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The scariest Halloween

Published October 30. 2010 09:00AM

Although my scariest Halloween ever was 64 years ago, I remember it as if it were today.

I was 7-years old at the time and incredibly excited about Halloween. Each year, scores of kids would parade into our grocery store in Summit Hill, say a brief rhyme or sing a silly song after which they would collect a nickel from my mother or father.

Until I was a few years older, I preferred staying at the store rather than go out Halloweening because I enjoyed seeing the parade of costumes.

Some children emulated their fathers and came dressed as coal-miners: "I am a little miner, I come from Number Six; if you don't give my any money, I'll hit you with my stick." Most, however, were dressed as Frankenstein, Dracula or other monsters or ghouls of the night.

Adjacent to our store was an attached, two-story building, which was used for supplies. On the second floor was a toilet that my parents and store employees used. There was no electricity in this building, so if anyone had to use the facilities after dark, he or she had to take a flashlight.

On those rare occasions when I was at the store after dark and had to use the toilet, my mother would accompany me up a flight of creaking stairs and wait for me until I was done, then accompany me back to the store. Halloween was a special occasion, and I was allowed to stay at the store until closing time 11 p.m.

As my excitement built, so did the crowd of ghouls. I told my mother I had to use the toilet. Halloweeners and customers jammed the store nearly overwhelming my parents.

Every few minutes, I would remind my mother that I had to go, but she was unable to get away. Finally, she handed me the flashlight and told me to go upstairs and she would be along shortly.

"Be careful on the steps," she called out after me because there was no handrailing.

I took the flashlight, clicked it on and pushed through the door into the breezeway between the store and storeroom, then through another door and into the two-story storage building. The noise from the store faded. It was silent, except for my footsteps, which echoed loudly as I started up the stairs.

With each movement I made, the rickety wooden steps groaned under my weight. The beam from the flashlight cast an eerie shadow on the narrow walls that surrounded me.

At the top of the stairs, there was another door which led to a room packed with supplies and some of our household items. Among them was an old, wind-up phonograph, which my father sometimes brought to the store to keep him company while he cleaned the slicing and coffee-grinding machines after closing time. I had to walk through this room and open another door that led to the small toilet.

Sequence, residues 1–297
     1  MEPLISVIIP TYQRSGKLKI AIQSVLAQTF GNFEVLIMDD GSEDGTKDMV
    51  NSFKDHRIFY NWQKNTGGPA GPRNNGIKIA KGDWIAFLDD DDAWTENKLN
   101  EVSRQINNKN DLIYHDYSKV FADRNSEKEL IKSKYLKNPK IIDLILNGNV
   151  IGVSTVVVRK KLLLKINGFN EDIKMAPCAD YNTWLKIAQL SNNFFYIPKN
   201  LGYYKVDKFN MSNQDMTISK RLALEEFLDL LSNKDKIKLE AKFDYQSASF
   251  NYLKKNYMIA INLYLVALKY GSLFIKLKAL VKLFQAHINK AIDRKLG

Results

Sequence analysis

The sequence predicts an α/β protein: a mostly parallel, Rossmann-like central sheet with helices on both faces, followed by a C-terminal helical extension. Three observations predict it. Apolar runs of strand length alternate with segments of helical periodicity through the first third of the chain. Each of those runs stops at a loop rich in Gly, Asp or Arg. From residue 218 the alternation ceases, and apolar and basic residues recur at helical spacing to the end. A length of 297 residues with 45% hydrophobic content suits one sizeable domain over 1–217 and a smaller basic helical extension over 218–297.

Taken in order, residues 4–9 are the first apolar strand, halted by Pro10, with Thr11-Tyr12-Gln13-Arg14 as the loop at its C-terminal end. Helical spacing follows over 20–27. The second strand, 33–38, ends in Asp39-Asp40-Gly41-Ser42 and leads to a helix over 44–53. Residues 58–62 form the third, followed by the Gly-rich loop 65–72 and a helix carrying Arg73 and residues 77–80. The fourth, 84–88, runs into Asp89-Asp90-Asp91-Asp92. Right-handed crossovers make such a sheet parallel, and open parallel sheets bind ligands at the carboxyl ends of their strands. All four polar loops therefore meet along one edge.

By this time, the excitement of the night, the ghouls and monsters I had seen and the long, scary walk had done a number on my imagination. I stopped in front of the toilet. I thought I heard something and strained to listen. It was absolutely still. I could hear myself breathing heavily a combination of the spirited walk up the stairs and my growing fear.

I put the flashlight on the floor, undid my pants and completed my chore. As I started to pull up my pants, I heard a low-moaning laugh coming from behind me in the room next to the toilet.

It was the same kind of laugh that made "Inner Sanctum Mysteries" one of the scariest radio programs.

I was choked with fear. Thinking of being trapped by a monster while my parents were unaware of my plight paralyzed me for a moment. Then I realized that I had to get out there. FAST!

In my haste, I kicked the flashlight and sent it skidding under the toilet's plumbing. No time to get it now. Have to get out of here.

I was still wrestling with my pants, but the more I tugged, the more they became tangled with my shoes. I began screaming and tripping.

In the darkness, I bumped into boxes and went sprawling across several of them. I rolled off the boxes onto the floor, tried to get up, but still was unable to keep my balance because of my tangled pants.

By this time, I was screaming and sobbing hysterically,

"Mommmmy, mommmmmy. Help me. The monster's after me," I wailed.

I followed the wall to the door that led to the top of the stairs, but as I tried to step down, the pants tangled around my feet. I went crashing and bumping hands-first down the steep flight of stairs and came to a rest in a heap at the bottom still screaming and crying.

My mother and father, and a number of customers in the store who had heard the shrieks for help, followed by a thunderous bumpety-bump-bump-bump arrived at the foot of the steps just seconds after I had made my unceremonious landing.

I had only a couple of scratches on my arms and legs, but, fortunately, no broken bones or other serious injuries.

After I recounted my breathless tale to my parents, the customers laughed at me. My father smiled in disbelief. "It's true," I insisted. They thought I had made it up, but my knowing mother, who saw the terror in my face, knew I wasn't lying or playing make-believe.

Who was it who let out that low, maniacal laugh in that dark, upstairs stockroom?

I never found out. My mother was convinced that because of Halloween my imagination played tricks on me, or, if it was a real sound, it may have been the phonograph which was not quite wound down and probably started for a second and made the strange sound.

For months after the Halloween episode, I was always alert for things that went bumpety-bump in the night.

(Bruce Frassinelli, a 1957 graduate of Summit Hill High School, lives in Schnecksville and is an adjunct instructor at Lehigh Carbon Community College.)

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